Monday, February 11, 2008

Mondays With Stanley - Jack Goes Apeshit

To be honest, the only reason I ever sought out The Shining is because it's a Kubrick flick. Kubrick is one of a handful of directors with which I'm so smitten that I'll watch anything they've done once.* Before I Netflixed it a couple of years ago my only exposure to it, in fact, was in Simpsons parody version. That's for two reasons. First, I'm just not a big horror fan. Not that I don't enjoy a good fright, it's just that most horror flicks strike me as terribly dumb. Second, before college, my only exposure to Steven King was the movies based on his books which were, well, terribly dumb. Thanks to jedi jawa I actually read some of King's stuff and while I'm not a huge fan, the man definitely has talent.

In my admittedly limited experience, King's skill doesn't lie so much in the actual tales told, but in the way he tells them. He's a master of description and does an excellent job at getting under your skin, even if what's happening isn't particularly interesting. In that sense, I think Kubrick was a natural to work up one of his books (even if King wasn't particularly happy with the result). Kubrick's penchant for long slow shots to establish scenes are the cinematic equivalent of King's descriptive writing. Thus we get a great sense of the vast emptiness of The Overlook and just how out in the middle of nowhere it is. It makes it perfectly plausible that anybody left there for months would go nuts.

And who better to go nuts than Jack Nicholson? The script provides Jack with ample opportunity for his trademark scene chewing. In fact, when it comes to paradigmatic "Jack as Lunatic" roles, this and his version of The Joker in Tim Burton's Batman are the ones I think of. Thankfully, Jack does going nuts very well and his descent into madness is quite compelling. He carries a lot of the load, given the small cast of characters, and does a better job of it than the kid who plays his son.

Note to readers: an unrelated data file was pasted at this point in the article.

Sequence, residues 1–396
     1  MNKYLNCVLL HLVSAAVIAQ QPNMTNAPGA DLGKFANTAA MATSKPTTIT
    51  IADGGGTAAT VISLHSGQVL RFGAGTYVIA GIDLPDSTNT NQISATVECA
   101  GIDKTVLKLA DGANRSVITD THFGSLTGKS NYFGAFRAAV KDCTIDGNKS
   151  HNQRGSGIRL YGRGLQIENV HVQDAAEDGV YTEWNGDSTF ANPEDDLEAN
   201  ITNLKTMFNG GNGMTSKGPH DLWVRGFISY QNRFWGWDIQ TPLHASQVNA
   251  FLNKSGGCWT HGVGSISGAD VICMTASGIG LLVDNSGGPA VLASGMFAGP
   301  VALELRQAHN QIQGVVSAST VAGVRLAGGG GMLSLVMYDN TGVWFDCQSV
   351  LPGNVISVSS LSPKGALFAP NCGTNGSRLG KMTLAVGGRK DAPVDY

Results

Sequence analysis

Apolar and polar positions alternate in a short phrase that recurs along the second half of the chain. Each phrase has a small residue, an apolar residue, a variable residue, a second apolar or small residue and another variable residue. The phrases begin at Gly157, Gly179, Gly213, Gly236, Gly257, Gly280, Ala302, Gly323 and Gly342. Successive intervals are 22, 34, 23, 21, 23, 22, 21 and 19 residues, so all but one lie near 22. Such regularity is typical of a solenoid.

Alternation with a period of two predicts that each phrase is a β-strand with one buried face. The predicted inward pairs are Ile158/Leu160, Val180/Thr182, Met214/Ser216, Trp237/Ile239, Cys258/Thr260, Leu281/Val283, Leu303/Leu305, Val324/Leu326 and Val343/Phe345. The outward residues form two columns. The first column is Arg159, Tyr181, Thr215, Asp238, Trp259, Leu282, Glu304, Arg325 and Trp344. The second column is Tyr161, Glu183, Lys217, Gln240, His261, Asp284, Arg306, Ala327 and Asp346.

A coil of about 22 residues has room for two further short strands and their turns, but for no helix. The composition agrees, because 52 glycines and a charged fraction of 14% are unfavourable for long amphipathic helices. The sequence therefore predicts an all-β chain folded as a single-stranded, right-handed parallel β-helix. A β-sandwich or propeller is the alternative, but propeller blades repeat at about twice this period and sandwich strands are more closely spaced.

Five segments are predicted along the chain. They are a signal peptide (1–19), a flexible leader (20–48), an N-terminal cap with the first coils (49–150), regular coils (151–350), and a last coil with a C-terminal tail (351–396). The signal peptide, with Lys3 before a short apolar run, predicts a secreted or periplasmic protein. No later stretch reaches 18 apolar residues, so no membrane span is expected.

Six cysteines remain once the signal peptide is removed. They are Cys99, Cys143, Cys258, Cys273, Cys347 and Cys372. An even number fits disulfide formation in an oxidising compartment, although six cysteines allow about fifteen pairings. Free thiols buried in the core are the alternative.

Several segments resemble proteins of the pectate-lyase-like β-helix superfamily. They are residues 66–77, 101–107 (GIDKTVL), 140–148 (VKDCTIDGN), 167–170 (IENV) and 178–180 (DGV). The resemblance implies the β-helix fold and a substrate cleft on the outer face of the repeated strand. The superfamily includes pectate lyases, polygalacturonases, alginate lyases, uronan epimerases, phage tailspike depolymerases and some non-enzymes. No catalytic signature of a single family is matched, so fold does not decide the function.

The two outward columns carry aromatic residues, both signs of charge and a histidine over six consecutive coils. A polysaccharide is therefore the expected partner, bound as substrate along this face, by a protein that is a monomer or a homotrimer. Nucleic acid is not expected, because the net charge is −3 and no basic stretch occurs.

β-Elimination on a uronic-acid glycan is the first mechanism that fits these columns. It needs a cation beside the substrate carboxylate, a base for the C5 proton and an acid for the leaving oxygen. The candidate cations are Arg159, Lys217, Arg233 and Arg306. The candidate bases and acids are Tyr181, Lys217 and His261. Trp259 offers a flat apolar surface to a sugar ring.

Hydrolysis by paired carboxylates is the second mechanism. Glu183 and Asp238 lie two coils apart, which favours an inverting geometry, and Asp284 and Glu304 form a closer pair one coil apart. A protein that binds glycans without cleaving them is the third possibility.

Rounding out the case is Scatman Crothers, in what has to be one of the prototypical Mystical Black Man roles. He shows up early on to set up the whole concept of "shining," give Jack's kid a forbidden destination, and promptly decamps to his swingin' Florida bachelor pad, complete with X-rated Nubian artwork (nekkid black chicks with big boobs and bigger fros!). Upon his return, he's turned into another horror movie cliche - the violently killed black character. Not only is the only black character in the film and he gets killed - he's the only person who gets killed in the film!

Even at nearly two-and-a-half hours, The Shining is a fairly taut piece of work. Kubrick's trademark/lamented pacing builds up the suspense slowly. When it pops - it pops big. Along the way you got a host of memorable imagery, from gallons of blood pouring out of the elevator to Jack's "Heeere's Johnny!", to a guy in a tux getting blown by a guy in a bear suit. A rousing bit of entertainment, then!

That being the case, that's about all it is. It doesn't really aim to make any larger points, as in A Clockwork Orange or 2001. For that reason, it may be my least favorite of the Kubrick flicks I own, but that's sort of like saying Boil That Dust Speck is my least favorite Mike Keneally album - it's not much of a condemnation.

* The others, for the record, are Terry Gilliam, Spike Lee, the Coen brothers, Kevin Smith, and, most recently, Akira Kurosawa.

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